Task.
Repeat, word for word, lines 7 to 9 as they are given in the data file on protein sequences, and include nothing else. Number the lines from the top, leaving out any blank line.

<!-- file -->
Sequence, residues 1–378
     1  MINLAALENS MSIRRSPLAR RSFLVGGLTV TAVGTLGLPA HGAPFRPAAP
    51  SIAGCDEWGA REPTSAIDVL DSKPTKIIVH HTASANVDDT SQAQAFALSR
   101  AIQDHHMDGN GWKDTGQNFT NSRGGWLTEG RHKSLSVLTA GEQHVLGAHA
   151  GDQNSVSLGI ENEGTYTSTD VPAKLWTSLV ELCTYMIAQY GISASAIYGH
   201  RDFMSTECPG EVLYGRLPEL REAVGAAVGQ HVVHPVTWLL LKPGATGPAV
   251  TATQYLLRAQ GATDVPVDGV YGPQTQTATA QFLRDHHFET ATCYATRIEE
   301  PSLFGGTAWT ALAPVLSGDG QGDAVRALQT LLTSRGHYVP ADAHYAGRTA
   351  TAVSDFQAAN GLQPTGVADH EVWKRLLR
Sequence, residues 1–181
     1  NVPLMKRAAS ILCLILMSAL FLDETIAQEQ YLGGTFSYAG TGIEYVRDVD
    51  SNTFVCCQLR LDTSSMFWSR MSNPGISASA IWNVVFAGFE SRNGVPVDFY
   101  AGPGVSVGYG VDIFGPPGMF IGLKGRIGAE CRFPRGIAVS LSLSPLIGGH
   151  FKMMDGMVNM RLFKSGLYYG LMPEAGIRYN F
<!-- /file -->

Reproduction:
   251  TATQYLLRAQ GATDVPVDGV YGPQTQTATA QFLRDHHFET ATCYATRIEE
   301  PSLFGGTAWT ALAPVLSGDG QGDAVRALQT LLTSRGHYVP ADAHYAGRTA
   351  TAVSDFQAAN GLQPTGVADH EVWKRLLR